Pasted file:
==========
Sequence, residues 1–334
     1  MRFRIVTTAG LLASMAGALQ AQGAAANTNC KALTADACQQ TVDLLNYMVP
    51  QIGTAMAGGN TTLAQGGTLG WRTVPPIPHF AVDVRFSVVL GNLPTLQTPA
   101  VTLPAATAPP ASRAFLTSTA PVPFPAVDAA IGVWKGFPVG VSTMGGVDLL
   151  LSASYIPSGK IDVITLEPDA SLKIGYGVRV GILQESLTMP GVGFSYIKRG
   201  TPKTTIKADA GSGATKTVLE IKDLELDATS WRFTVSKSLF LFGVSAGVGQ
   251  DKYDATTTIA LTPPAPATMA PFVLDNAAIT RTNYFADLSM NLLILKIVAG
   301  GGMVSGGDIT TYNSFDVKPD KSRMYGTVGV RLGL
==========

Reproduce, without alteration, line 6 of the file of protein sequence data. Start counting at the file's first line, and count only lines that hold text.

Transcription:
   201  TPKTTIKADA GSGATKTVLE IKDLELDATS WRFTVSKSLF LFGVSAGVGQ